A Foreign Field

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A Foreign Field
A-foreign-field.jpg
Directed by Charles Sturridge
Produced by Martyn Auty
Richard Broke
Steve Lanning
Written by Roy Clarke
Starring Alec Guinness
Leo McKern
Edward Herrmann
John Randolph
Geraldine Chaplin
Lauren Bacall
Jeanne Moreau
Cinematography Richard Greatrex
Distributed by BBC
Release date(s) 10 September 1993
Running time 95 min
Country United Kingdom
Language English

A Foreign Field (1993) is a motion picture about British and American World War II veterans returning to the beaches of Normandy as old men. It is more a drama than a comedy, although it combines aspects of both. It was directed by Charles Sturridge and featured an ensemble cast of American, Australian, British, and French actors and actresses. The title evokes the Rupert Brooke poem The Soldier.


The film was made to commemorate the 50th Anniversary of the D-Day landings and was driven into production by Alec Guinness who used his influence with the BBC to make it and with the various famous actors to appear in it.

It was shown only once on BBC1 at the time, but repeated a number of times some thirteen years later (2007) on the digital channel UKTV History.

Plot[edit]

Cyril (McKern) and Waldo (Randolph), who are British and American, respectively, have both returned to France in search of the same woman (Moreau) with whom they each had a rendezvous in 1944 (unknown to the other). Cyril is accompanied by fellow veteran Amos (Guinness), while Waldo has his petty daughter Beverly (Chaplin) and her henpecked husband (Herrmann) in tow. The two groups encounter one another, and after some conflict find common ground in old sorrows. Along the way they meet the recently widowed Lisa (Bacall), who has come in search of her brother's grave.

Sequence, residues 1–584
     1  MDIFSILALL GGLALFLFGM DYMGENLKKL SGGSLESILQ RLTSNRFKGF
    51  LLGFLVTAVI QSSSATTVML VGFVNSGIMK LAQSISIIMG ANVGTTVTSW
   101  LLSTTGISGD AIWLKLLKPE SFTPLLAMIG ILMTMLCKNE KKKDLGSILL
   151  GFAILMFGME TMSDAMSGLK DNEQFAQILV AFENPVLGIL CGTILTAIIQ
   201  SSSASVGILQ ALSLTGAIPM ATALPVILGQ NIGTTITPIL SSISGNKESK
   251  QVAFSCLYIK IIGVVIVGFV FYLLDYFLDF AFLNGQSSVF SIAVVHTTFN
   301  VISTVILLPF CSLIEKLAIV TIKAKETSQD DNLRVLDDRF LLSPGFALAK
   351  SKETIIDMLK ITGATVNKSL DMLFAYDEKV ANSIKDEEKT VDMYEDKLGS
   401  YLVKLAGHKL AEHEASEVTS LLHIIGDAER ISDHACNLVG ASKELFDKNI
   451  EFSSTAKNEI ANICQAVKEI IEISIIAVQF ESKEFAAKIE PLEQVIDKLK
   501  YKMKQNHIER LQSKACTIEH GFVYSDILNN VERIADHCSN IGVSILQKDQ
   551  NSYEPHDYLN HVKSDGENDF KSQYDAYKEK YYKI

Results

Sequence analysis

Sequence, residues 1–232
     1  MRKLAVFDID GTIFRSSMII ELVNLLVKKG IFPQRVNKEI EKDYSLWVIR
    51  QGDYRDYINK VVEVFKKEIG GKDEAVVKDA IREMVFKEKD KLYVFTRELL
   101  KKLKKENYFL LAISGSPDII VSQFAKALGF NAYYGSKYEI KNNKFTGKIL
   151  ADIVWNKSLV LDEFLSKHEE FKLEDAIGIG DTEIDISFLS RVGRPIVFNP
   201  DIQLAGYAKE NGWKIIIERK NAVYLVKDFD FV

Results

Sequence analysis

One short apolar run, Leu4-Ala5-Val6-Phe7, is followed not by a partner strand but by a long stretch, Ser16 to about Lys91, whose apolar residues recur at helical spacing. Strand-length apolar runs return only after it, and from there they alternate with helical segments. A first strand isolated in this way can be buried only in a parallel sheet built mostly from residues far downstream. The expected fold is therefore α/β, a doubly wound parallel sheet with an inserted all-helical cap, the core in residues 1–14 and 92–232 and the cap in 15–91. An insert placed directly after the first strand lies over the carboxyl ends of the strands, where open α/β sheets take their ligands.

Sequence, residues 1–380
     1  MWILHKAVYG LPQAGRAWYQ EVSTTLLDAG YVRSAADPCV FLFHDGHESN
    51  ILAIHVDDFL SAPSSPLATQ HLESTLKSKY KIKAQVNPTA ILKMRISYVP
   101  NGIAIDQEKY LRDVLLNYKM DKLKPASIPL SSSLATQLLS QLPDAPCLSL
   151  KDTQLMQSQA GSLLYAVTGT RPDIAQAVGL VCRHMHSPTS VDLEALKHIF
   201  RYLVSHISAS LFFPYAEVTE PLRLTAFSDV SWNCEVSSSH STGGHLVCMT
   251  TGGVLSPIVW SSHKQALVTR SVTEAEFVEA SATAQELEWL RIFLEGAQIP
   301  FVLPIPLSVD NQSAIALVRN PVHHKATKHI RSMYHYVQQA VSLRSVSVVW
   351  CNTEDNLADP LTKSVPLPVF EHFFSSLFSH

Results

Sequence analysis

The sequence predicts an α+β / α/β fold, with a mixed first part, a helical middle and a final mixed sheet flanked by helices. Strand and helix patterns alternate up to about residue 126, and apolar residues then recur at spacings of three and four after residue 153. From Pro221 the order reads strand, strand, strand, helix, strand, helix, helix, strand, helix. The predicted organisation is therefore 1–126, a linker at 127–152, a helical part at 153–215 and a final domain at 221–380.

Eventually it is revealed that Amos saved Cyril's life during the battle of Normandy in 1944 but sustained a severe head-wound in the process. The wound has left Amos permanently brain-damaged and Cyril has been his carer ever since. Cyril also confides in the others that Amos does not have long left to live and this will be the last chance for the two men to come to Normandy to pay their respects to their close friend Briggs who was killed in action. Waldo has come to France for a similar reason, to visit the grave of a close buddy who was killed on D-Day. The trip helps put Beverly's problems into perspective and gives a new lease of life to her marriage. And it is revealed that Lisa's brother was in fact a German soldier but instead of showing hostility, the veterans instead pay their respects at his grave, in tribute to the bravery of the German forces who took part in the battle. The final image is the jar of flowers left by the gravestone of Briggs.

Cast[edit]

Production[edit]

The film was shot entirely around the department of Calvados, in France.

References[edit]

External links[edit]